• Join over 1.2 million students every month
  • Accelerate your learning by 29%
  • Unlimited access from just £6.99 per month

Why Did JamesII lose his throne in 1688?

Extracts from this document...

Introduction

Why Did James II lose his throne in 1688? James II lost his throne in 1688. He did try to fight for it in 1689, but was defeated at the Battle of Boyne due to lack of support and outnumberment. Why did James II lose his throne - why did nobody support him? The aim of this essay is to find out the reasons why. One of the main reasons was the fact that most of parliament turned against him. This was because parliament was jealous of James' power. James had a standing army at his disposal and could raise money when he wanted to. The King could make courts to deal with religious issues and could suspend any law that he wanted - he could overrule a statue made by parliament. ...read more.

Middle

James had never accepted that Parliament was the ultimate authority in England. Another reason might have been the unpopularity of his ancestors. Charles I was executed and Charles II had been very unpopular. Charles II - James' brother had broken a large amount of laws and had sworn to make England Catholic (Treaty of Dover.) Charles had ruled without parliament and had almost created a second civil war. James was like his brother in many ways, so people must have disliked him as they had disliked Charles. The most important reason was religion. In those times religion brought people together. It was very important. James, being stubborn and Catholic wanted to carry out his brother's promise of the 1670 Treaty of Dover. He decided that he would use the help of the French to make England Catholic. ...read more.

Conclusion

In conclusion, James II lost his throne due to lack of support. Parliament now had a large amount of power and opposing them was very difficult. He was na�ve and his own brother Charles had said that he would not rule for long. "Nineteen out of Twenty" people supported William of Orange. His religion meant that hardly any of the people of England supported him and that his army deserted him. James lost his throne to a number of reasons - any one of which could not have made him lose it. For example, even if most of the people of England were against him with Parliament on his side and enough money he could have overcome anyone who disagreed with his religion. However, he made himself so unpopular that he had no support, no money, no army and no chance of keeping his throne. ...read more.

The above preview is unformatted text

This student written piece of work is one of many that can be found in our AS and A Level British History: Monarchy & Politics section.

Found what you're looking for?

  • Start learning 29% faster today
  • 150,000+ documents available
  • Just £6.99 a month

Not the one? Search for your essay title...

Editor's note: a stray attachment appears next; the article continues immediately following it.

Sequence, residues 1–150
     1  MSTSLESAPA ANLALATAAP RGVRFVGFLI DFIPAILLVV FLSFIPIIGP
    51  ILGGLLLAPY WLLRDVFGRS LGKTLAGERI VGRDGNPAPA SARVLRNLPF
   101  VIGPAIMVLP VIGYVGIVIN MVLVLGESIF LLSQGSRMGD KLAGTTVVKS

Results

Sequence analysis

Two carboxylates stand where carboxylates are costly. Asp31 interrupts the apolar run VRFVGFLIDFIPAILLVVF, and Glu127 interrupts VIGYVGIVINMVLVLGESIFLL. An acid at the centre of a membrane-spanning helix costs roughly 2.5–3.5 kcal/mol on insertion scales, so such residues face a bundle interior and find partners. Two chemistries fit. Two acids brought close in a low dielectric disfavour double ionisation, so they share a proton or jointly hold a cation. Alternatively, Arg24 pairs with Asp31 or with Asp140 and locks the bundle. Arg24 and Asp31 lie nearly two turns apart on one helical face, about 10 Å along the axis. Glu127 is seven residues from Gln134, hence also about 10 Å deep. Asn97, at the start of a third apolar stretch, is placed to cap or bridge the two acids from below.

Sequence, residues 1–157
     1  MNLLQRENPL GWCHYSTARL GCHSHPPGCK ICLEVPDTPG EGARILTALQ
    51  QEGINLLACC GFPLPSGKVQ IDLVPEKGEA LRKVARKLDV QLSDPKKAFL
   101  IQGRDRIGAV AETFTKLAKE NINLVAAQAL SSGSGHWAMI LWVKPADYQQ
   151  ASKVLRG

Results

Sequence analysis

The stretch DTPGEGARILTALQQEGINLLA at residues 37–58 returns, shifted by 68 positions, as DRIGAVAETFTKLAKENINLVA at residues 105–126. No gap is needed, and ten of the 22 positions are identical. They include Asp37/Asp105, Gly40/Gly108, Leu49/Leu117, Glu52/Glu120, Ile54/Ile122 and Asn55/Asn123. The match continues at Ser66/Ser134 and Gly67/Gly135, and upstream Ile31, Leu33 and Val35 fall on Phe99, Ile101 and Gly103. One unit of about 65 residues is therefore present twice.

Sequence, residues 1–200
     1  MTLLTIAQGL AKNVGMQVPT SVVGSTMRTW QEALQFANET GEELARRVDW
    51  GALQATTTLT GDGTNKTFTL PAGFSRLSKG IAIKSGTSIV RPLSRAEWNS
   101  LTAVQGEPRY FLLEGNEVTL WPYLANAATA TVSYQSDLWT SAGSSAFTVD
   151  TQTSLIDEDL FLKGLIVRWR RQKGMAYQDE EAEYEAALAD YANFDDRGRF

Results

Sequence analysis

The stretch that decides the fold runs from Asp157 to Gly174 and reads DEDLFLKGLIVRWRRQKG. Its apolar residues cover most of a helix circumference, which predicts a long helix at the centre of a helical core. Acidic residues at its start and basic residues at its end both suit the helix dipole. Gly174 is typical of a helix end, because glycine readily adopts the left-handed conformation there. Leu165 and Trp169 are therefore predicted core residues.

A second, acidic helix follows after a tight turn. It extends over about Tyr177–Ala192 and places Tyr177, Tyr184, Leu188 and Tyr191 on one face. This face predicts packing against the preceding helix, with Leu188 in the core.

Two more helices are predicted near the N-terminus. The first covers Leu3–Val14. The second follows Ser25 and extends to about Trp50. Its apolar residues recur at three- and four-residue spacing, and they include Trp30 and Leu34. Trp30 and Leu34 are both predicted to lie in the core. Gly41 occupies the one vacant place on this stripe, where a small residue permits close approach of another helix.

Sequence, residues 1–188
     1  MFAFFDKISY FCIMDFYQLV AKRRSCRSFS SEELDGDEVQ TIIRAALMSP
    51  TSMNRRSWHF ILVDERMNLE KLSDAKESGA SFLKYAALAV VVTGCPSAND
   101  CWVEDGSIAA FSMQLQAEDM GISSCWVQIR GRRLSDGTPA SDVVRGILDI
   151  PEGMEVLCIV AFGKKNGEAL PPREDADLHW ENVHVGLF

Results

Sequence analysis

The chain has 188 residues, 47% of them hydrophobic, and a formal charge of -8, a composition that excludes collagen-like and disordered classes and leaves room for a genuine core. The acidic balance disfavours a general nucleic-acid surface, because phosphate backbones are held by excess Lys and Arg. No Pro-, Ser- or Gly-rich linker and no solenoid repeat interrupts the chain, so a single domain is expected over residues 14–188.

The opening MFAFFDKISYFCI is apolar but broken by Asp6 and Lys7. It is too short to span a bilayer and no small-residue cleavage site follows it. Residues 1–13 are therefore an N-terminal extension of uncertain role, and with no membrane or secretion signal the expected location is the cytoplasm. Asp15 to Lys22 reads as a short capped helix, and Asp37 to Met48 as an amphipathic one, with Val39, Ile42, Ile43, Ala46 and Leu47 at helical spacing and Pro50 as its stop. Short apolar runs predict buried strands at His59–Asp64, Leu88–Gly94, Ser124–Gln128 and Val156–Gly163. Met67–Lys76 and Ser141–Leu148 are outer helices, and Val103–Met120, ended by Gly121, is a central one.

• Join over 1.2 million students every month
  • Accelerate your learning by 29%
  • Unlimited access from just £6.99 per month

See related essaysSee related essays

Related AS and A Level British History: Monarchy & Politics essays

  1. Why did James II lose his throne?

    This is the first sign of his religion and his incompetence working together. James set about trying to make the church more pro-catholic, of course this did not go down well, as the people feared Catholicism and the church was once again made to choose between their God and their King, a near impossible choice.

  2. Does Alexander II deserve the title of 'Tsar liberator'?

    As such, the effects of the emancipation itself were not great, and in fact meant that many peasants were unhappy as they had been burdened with debt and were still not in possession of full citizens rights. As such, it can be argued that the title of Tsar Liberator would

  1. The Portrait of a Lady. Discuss James representations of 'places' for women in this ...

    Estella's economic tragedy illustrates consequences of disposing property onto women who will inevitably marry. She suffers the loss of her property at the hands of an unscrupulous husband who misuses her fortune. The most recent analysis of the chronology of Great Expectations shows that the main action spans between 1812 and 1829 according to Carlisle (1996, P.

  2. How was Isabella able to secure her succession to the Castilian throne in 1469-1479?

    Pedro Gonzalez de Mendoza was from a very wealthy and influential clan that owned vast tracts of land and controlled thousands of troops. He had made it clear that he wished to be made Cardinal. As the Pope was pro-Aragonese, Pedro switched to supporting Ferdinand and was duly awarded his position.

  1. Henry II (1154 - 1189) is generally seen as the main catalyst in the ...

    this point which inspired Henry II to produce guidelines within his Assizes whereby a jury of twelve men could pave the way for 'good government' in future by creating secular taxation of movable goods come into existence especially the use of the grand jury system.

  2. How united was Britain in 1688?

    Since we define the year 1688 by the Glorious Revolution, it seems to me to be more logical within the confines of this essay to focus upon the political events that led up to the events of November 1688 rather than on a chronological survey of the whole year.

  • Over 160,000 pieces
    of student written work
  • Annotated by
    experienced teachers
  • Ideas and feedback to
    improve your own work